Type: Trad, 400 ft, 4 pitches
FA: Jim Smith and William Rice, September 1936
Page Views: 31,483 total · 195/month
Shared By: Stephanie on Feb 21, 2006
Admins: C Miller, M. Morley, Adam Stackhouse, Salamanizer suchoski, Justin Johnsen, Vicki Schwantes

You & This Route

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The crux is the first 40' of the climb. Start up a chimney then move into a nice crack system. The second and third pitches follow the crack system up to lunch ledge. From lunch ledge climb the crack to the runout 5.4 friction slab (1 bolt).


1 set of nuts, 1 set of hexes, BD Cams: .5 - 2


The belay ledges on this climb are all quite large, making this a good choice if you have three or more climbers. Feb 21, 2006
C Miller
C Miller   CA  
A great moderate (of which there are many) at Tahquitz that features fun climbing up a corner system and a very exposed finish on the upper slab.

The name is a take-off of Angel's Flight, the "World's shortest railroad". Mar 3, 2006
Bill Olszewski
Colorado Springs, CO
Bill Olszewski   Colorado Springs, CO
Fun climb! I thought the steep section of P1 (P2 in the guidebook) was the crux. Got off-route up high but figured it out and finished with the fingertip "lieback" crack. Nice! Jul 9, 2007
Marcy -
Tempe/Tuscon, AZ
Marcy -   Tempe/Tuscon, AZ
I recommend the fingertip lieback variation at the top - it is super FUN! Aug 27, 2007
Mark L  
The steep face climbing after the chimney felt the toughest part of the climb - deciding whether to go left or right. Went right and it might have been a little harder that way + rope drag got bad. Dihedral pitch is super easy and the roof is easier than it looks. For those leaving lunch ledge the first time, could be helpful to get beta from someone while you are there if you want to do the 5.3 slab finish instead of the crack. May 14, 2008
Dan Costello
Dan Costello  
This was a lot of fun and one of the first routes I ever led, so I learned some lessons here. As mentioned by others, Pitch 1 (Pitch 2 in the Vogel/Gaines guidebook) after the chimney does present a little route-finding opportunity, or it did for me.

The topo, route description, chalk marks, and old fixed gear are useful guides. But in the end being alert to the rock, looking around, thinking ahead, and developing a picture of the route when your vision affords is better. I earned myself a little downclimb from trying to treat this route like a Joshua Tree chalk railroad.

I'll echo some of the other commentators again: bring plenty of slings, and plan your placements to minimize rope drag. There's nothing like rope drag to turn a 5-nothing topout on smooth slab into a nightmare as having to fight your body weight in rope friction with only your own poor planning to blame :/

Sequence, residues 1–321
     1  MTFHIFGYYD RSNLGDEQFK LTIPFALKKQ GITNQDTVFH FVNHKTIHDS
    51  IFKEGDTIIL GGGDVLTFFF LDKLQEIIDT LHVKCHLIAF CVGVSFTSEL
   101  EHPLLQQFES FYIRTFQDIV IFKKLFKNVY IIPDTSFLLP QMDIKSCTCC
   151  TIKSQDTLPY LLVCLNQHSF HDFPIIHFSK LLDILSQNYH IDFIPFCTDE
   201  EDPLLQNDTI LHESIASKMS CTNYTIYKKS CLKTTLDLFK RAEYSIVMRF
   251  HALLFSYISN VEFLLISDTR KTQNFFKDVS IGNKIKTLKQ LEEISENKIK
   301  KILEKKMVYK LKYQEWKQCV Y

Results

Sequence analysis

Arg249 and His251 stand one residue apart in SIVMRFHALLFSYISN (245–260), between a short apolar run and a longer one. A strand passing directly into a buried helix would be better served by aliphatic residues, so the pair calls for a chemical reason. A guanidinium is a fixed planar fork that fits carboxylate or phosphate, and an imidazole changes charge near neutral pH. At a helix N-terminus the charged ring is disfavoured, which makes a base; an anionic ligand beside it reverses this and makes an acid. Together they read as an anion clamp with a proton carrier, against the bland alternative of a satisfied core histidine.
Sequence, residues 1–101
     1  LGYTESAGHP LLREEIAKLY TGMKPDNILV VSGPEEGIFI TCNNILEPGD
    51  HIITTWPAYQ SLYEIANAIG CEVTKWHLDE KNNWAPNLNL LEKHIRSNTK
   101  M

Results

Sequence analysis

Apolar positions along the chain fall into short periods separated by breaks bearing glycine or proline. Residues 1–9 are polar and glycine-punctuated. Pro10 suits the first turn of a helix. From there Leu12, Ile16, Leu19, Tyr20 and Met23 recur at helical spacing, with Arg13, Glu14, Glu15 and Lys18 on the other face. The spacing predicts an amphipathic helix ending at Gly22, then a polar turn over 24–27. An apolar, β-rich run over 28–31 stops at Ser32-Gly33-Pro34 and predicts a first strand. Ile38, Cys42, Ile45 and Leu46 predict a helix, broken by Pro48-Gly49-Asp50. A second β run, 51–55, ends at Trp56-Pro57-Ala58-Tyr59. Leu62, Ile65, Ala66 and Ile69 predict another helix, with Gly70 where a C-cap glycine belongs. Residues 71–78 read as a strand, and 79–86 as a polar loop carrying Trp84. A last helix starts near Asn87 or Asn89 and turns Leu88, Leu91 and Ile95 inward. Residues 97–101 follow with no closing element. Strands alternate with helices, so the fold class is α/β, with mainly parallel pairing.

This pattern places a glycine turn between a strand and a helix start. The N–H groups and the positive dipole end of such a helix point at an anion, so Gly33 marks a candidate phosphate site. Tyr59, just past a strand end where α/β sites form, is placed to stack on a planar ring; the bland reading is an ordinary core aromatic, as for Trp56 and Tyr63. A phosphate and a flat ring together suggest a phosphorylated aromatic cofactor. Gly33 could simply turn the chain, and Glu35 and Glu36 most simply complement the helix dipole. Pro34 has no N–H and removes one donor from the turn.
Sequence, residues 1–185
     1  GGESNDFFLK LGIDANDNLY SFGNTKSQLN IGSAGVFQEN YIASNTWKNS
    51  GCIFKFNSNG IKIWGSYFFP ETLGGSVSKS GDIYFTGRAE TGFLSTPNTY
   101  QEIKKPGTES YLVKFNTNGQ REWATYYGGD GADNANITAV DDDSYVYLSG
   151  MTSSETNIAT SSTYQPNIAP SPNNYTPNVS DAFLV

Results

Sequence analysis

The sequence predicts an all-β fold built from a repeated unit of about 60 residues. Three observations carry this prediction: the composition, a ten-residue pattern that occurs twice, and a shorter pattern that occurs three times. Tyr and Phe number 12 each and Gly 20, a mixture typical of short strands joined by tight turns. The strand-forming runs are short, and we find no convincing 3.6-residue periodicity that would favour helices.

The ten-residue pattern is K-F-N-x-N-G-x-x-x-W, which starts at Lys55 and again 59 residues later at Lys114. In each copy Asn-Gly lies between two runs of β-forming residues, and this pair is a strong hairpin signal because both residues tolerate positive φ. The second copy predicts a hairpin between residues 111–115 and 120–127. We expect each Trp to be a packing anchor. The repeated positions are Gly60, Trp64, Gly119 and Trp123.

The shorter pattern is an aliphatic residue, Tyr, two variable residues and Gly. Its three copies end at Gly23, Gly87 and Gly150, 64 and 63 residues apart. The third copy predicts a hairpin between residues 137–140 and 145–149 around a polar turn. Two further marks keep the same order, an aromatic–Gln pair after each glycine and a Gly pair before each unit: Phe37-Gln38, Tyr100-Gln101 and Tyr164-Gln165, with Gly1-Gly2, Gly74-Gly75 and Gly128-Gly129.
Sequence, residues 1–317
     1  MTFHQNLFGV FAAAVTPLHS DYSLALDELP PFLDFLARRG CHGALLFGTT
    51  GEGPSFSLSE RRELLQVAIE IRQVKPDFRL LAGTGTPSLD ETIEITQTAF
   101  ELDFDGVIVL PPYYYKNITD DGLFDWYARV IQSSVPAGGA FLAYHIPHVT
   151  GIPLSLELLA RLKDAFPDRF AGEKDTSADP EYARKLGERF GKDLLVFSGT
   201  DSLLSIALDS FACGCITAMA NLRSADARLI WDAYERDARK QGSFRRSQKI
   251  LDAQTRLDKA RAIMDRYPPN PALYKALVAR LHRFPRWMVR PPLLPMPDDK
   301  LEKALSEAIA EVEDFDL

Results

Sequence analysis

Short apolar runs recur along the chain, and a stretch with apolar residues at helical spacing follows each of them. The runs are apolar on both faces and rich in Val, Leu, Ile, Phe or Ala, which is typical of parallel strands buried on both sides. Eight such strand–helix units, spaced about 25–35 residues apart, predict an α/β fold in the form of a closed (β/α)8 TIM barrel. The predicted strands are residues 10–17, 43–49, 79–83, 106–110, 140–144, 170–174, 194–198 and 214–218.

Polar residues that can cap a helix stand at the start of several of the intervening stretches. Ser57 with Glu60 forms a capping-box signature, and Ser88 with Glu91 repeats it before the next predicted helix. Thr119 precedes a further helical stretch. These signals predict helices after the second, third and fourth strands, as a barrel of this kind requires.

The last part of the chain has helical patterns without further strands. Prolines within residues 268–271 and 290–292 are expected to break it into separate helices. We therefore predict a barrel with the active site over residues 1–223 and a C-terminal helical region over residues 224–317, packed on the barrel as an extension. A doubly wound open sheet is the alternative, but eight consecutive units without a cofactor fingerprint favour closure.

All things considered, though, a worthwhile and memorable route! Apr 19, 2009
Ron Thompson
Idlewild, CA
Ron Thompson   Idlewild, CA
Try climbing the last pitch at night that's what happen with us. I had to climb the last pitch in total darkness, missing the protection bolts. This is what happens when you drink beer before climbing,"liquid courage." Mar 21, 2010
Here's some beta, pitch 2 video. The audio is out of sync a bit.

youtube.com/user/lhs2miler Jul 21, 2011
Chris D
the couch
Chris D   the couch
On the last pitch, you can almost eliminate rope drag by saving a couple of long runners for the gear you place just before you get into the left-trending crack that leads out under the slab with the bolt.

You don't need to extend all your gear...As you leave lunch ledge, wander as you see fit, but reserve gear placements for spots where you're directly above the belay. Extend a couple of pieces near the spot where you head out left as mentioned above, then put in one extended piece as you walk out the crack toward the little bush below the slab. If you do this, you won't feel like you're dragging a carcass behind you on the slab. Also, this permits a 60m rope to comfortably get you to a nice belay spot where it'll be an easy walk to the descent for everyone. Aug 26, 2011
Josh C
Somewhere out West
Josh C   Somewhere out West
Not sure why this climb is so popular and I love Tahquitz. Aug 31, 2011
Jace Mullen
Oceanside, Ca
Jace Mullen   Oceanside, Ca
Maybe I'm a wussy but I felt like the chimney in the guidebook felt harder then the 5.4 the guidebook gives it. Sep 5, 2011
Chris D
the couch
Chris D   the couch
The chimney is hard if you don't use the crack inside the chimney and the couple of chockstones. In that case, it's probably more of a 5.6 or 7 off-width, but if you use everything available to you, it's not hard, and easily protected. Oct 16, 2011
Chris Norwood